Education

West Virginia Governor Cool to School Consolidation

April 12, 2005 6 min read
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Gov. Joe Manchin III of West Virginia officially took control last week of the state panel that oversees school construction in his state, signaling that he intends to reverse policies that have forced more than 200 schools to close since 1990.

The Democrat, elected last November, chaired his first meeting of the state’s School Building Authority here on April 4, and used the occasion to speak his mind on how school consolidations have hurt small, rural communities in West Virginia. He also persuaded the SBA to delay a rural school construction project that would combine several campuses in rural Mingo County.

The columns of the West Virginia state Capitol loom behind Gov. Joe Manchin III, who hopes to force the state to slow down the rate at which it has consolidated small rural schools over the past several years.

“I will make sure we are not using the bloody hammer of the pocketbook of the SBA” to consolidate more rural schools, the governor said in an April 1 interview at the state Capitol. Instead, Gov. Manchin said, he favors “preserving of the rural schools wherever and whenever possible.”

Changing the longtime direction of West Virginia policy will not be easy. Gov. Manchin announced legislation several weeks ago to end long school bus rides for many rural students—only to see the plan amended by the Democratic-controlled legislature.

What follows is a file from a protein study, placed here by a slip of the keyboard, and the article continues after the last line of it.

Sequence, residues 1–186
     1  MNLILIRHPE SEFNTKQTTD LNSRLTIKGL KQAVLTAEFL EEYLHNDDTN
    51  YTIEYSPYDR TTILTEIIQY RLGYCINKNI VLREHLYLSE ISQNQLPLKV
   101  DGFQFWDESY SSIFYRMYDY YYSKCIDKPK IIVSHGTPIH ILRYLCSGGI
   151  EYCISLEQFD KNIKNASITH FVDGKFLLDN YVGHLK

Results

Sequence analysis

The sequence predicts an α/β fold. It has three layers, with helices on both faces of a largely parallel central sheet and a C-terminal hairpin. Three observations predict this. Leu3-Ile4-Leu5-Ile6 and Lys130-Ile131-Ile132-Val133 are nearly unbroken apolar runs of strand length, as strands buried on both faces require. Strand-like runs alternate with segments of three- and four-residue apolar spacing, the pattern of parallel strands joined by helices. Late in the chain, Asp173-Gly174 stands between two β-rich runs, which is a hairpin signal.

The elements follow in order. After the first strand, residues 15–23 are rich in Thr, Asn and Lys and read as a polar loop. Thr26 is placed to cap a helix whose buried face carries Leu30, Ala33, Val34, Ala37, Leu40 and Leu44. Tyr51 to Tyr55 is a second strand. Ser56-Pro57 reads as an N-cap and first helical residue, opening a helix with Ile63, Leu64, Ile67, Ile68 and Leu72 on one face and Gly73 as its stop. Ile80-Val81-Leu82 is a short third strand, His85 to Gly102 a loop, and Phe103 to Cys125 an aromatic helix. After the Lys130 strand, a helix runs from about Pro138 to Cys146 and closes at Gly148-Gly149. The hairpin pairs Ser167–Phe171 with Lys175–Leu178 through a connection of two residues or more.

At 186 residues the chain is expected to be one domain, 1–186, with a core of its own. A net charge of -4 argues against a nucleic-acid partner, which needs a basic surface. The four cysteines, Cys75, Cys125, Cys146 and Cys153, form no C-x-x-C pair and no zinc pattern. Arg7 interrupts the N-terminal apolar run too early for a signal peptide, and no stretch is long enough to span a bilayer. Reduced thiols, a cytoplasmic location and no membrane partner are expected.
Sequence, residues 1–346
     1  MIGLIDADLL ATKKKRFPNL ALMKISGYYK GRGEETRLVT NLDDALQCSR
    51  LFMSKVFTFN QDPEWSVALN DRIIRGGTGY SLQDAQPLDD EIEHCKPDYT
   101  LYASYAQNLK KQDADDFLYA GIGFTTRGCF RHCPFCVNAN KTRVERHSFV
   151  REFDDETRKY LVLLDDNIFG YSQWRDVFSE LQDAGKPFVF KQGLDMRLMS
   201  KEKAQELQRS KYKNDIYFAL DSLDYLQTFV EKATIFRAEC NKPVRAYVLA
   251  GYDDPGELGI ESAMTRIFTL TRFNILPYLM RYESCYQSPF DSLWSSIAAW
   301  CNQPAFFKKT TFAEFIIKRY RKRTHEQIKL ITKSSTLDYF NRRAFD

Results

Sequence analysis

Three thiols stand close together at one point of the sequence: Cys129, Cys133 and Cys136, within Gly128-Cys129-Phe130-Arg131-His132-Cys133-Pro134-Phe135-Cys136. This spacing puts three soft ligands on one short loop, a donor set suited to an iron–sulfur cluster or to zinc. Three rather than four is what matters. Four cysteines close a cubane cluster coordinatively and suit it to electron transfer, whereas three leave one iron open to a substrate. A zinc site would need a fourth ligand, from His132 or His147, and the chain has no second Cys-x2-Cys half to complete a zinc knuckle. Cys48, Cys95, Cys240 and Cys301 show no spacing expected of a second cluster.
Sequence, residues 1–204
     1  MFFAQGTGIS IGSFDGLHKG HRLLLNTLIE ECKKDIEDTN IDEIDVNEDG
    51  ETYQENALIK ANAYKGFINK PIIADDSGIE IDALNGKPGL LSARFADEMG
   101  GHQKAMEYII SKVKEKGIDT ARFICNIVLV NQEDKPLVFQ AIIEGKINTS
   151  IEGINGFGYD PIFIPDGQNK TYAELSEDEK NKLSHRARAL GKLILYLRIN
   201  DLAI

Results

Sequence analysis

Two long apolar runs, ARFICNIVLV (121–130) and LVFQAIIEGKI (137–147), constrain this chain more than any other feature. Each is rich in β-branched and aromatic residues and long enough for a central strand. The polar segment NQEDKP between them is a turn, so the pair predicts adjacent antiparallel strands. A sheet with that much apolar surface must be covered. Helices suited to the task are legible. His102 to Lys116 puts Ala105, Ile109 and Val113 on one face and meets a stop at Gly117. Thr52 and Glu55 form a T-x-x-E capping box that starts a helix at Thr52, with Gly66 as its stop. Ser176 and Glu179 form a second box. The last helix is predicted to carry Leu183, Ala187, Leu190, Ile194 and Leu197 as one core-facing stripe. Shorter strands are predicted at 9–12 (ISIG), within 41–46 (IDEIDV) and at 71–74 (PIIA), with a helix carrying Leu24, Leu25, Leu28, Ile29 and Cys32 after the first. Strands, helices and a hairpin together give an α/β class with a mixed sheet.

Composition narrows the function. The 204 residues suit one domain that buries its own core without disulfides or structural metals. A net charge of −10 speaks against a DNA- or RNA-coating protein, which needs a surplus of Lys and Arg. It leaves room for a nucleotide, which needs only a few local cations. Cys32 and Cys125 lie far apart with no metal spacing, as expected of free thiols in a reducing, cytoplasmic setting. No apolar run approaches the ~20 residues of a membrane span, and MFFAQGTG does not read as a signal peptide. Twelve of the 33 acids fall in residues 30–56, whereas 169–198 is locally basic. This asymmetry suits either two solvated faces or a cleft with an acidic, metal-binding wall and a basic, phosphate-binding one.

By last week, lawmakers had amended the bus-ride bill to call for a one-year study of the problem before any restriction was put into place.

Gov. Manchin’s bus-ride plan would have restricted one-way trips to 30 minutes for students in elementary school, 45 minutes for middle school, and an hour for high school. The legislation would have allowed school districts to request waivers from the state board of education and the SBA.

Meanwhile, two court battles also continue that could allow or prohibit more school consolidations in West Virginia.

In contrast to the governor’s stance, some SBA board members argued last week that their work has done far more to help students in the Mountain State than hurt them, in part because many campuses have been modernized.

Debate Rises

Gov. Manchin and his advisers are choosing their words carefully as they aim to engineer a major shift in long-term state policy.

“He’s not anti-consolidation,” said Lara Ramsburg, the governor’s press secretary. “He’s pro-small community schools.”

As part of a broader effort to strengthen his oversight of state agencies with bonding authority, Gov. Manchin called the legislature into special session in January, a week after his inauguration, to approve a bill giving him more control over the School Building Authority and several other state commissions with bonding authority.

Lawmakers passed the plan, and Gov. Manchin, or his designee, now chairs the SBA, which was created by the legislature in 1989.

The SBA governs state funding for school construction and generally has made its approval of projects dependent on consolidation. A key reason for the SBA’s strategy is that public school enrollment has declined sharply in this state over the past 45 years—from 460,000 students in 1960 to fewer than 280,000 today.

SBA board members contend that students and educators are benefiting from more than $200 million that has been spent on school construction since 1990. Closing tiny schools simply makes good financial sense in many cases, said Clacy Williams, the SBA’s executive director. “I think our board has done a tremendous job over the years trying to evaluate projects,” he said.

State Superintendent of Education David Stewart, who will retire this year, also defended the SBA. “Seventy-five percent of the schools in the state now are new or renovated,” he said. “Most of the consolidation has occurred already. The debate now is what the future should look like.”